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October 20, 2016

Tea: Back to Basics

Getting the Best Out of Your Tea “Creating the perfect cup”

In the tea world, we are destined to always come back to that one fundamental question: what makes the perfect cup of tea?

This question has an answer that is both simple and complex in nature. Once you know what makes the perfect cup, brewing it to perfection again and again is, depending on the tea, often a simple task. But what of the knowledge required to get there? Here we will be explaining the very basics so that anyone — not just someone who lives and breathes tea every day of their life — can make a sensational brew.

Unfortunately bad habits abound, and they will get in between you and your perfect brew before you even pour the water out of the kettle. Here, we’re putting them under the magnifying glass.

Tea Bags v Loose Leaf
In a place like Australia, where British colonialism and heritage have been a force upon our culture, we have very much brought with us the habits of the British and copied the habits of other western nations.

Tea bags were originally developed in the United States by Thomas Sullivan of New York, who had created them simply to store individual servings of tea. His customers, however, made the mistake of steeping the entire bags in their cups and pots. This surprise led to an explosion of popularity for the unintended use of his creation, and Sullivan was able to export the bags for use all over the world. The tea bag is a remarkably convenient way to brew tea, and has taken over households in Australia since its conception.

However, there is one major drawback to a traditional tea bag: It is small, thin, and does not allow leaves to unfurl. To accommodate the small size of the bag, only smaller tea particles are placed inside, often of a very low grade. This unfortunate compromise means that the tea contained within will often be quite astringent and taste subpar.

Newer style pyramid bags are now allowing for larger leaf particles to be contained within a tea bag, with better quality results but they can still somewhat restrict the ability of the leaf to adequately unfurl.

Due to this lack of expansion in the bag we usually try to recommend using loose leaf tea. While the tea bag was a great invention for the sake of convenience, a loose-leaf tea brewed in a pot or infuser will allow the leaves to be steeped at their true largest particle size, and will give them room to unfurl properly and release their true flavour. Whole leaf teas truly are an experience, and we really do recommend it. You may never go back!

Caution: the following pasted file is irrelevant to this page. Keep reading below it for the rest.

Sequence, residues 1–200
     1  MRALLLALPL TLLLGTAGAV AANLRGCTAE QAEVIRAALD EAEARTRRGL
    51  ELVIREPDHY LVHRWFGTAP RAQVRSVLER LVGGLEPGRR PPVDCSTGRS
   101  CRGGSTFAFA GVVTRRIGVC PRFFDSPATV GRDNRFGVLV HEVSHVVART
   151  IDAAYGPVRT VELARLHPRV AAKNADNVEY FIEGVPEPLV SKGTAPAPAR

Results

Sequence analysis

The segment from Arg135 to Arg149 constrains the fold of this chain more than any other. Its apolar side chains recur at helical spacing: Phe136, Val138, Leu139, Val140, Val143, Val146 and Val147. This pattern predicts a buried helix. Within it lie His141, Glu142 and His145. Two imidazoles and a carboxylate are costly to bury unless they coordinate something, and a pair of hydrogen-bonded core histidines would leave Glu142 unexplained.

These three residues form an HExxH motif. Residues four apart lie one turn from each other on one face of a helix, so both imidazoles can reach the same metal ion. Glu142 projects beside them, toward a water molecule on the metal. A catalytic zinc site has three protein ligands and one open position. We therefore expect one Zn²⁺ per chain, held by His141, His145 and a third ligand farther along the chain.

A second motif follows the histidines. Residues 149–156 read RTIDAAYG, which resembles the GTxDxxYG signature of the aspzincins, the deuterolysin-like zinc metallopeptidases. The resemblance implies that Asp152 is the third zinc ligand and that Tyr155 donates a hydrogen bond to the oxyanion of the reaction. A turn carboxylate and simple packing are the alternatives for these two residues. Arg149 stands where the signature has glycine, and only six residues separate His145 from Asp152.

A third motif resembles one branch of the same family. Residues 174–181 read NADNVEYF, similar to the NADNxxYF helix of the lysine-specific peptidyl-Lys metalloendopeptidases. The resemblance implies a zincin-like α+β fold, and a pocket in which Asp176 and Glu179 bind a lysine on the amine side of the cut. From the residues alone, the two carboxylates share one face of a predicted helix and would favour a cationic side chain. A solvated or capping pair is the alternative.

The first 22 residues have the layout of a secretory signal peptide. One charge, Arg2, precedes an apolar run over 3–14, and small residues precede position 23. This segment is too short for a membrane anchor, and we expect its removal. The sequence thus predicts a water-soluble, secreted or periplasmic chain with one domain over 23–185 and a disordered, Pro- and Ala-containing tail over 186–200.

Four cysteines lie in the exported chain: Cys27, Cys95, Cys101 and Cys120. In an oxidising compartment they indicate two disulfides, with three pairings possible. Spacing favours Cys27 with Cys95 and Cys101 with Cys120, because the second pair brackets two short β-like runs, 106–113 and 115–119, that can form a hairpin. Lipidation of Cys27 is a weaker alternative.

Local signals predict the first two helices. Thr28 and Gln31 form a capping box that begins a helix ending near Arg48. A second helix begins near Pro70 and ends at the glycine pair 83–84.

Water Temperature
While steeping a black tea in water boiled at 100˚C is usually a safe bet, that doesn’t mean it’s true for all teas! In fact, black tea is the only type of tea you should be steeping reasonably consistently with boiling water, as it’s much harder to burn the leaves. But start steeping a beautiful green or white tea in boiling water, and you’re going to have a problem. Brewing these types of tea at 100˚C will not just oversteep the tea — making it bitter and astringent — it will also burn the leaves slightly, preventing their true flavours from being released. Obviously, this is not ideal.

You can use the following chart to work out approximately the ideal brewing time for your tea. However, each individual tea’s brewing times may vary, so it always helps to pay attention to the listed brewing temperature on the packaging, if it was provided with the tea.

teatable

We will use a standard measure of 1 heaped teaspoon of tea per cup for this exercise.
But what can you do if you cannot set exact temperatures on your kettle? What if there is only boiling?
We’re afraid you’re going to have to do it the hard way: guesswork. There are two methods of doing this — one is turning the kettle off before it reaches boiling point, which allows you to get straight to brewing the tea. The drawback of this is that your guess is entirely arbitrary; the water could be any temperature. Your other option is to let the kettle boil and then allow the water to cool to a more desirable temperature. This allows you to time and figure out how many minutes you should cool the water down for so that it works best for your tea. Unfortunately though, this can create a significant delay. The best option, where possible, is to to buy a kettle with adjustable temperature settings.

Brew Time
You will have noticed that the previous chart also featured a column labelled “brew time”. Far from the rough estimate that many people make, it’s actually extremely important for you to time your brew in order to get the best from your tea. We call a tea over brewed when the brew time was too long or the water temperature too hot. As above, this can create a bitter and astringent tea liquor. Too much of the flavour of the tea will escape the leaves and the tannins will become too strong in the cup, leading to an unpleasant taste.
It’s easy to overbrew tea. Endeavour to keep your eyes on a clock while brewing, thus helping to ensure you get a delicious cup every time.

Follow these tips, and you’ll be well on your way to making some of the best brews in town!

About the author:
Sharyn Johnston is the CEO and founder of Australian Tea Masters. She has travelled extensively and also lived and worked in many countries around the world. She recognised how tea was consumed both in business and pleasure in different cultures, and found the enormous amount of varying flavours and tastes quite amazing, this interest became addictive. Sharyn is regularly invited to judge teas around the world and is a member of the International Tea Committee.
Facebook – Australian Tea Masters
Instagram – @austeamasters
Twitter – @SharynJohnston

 





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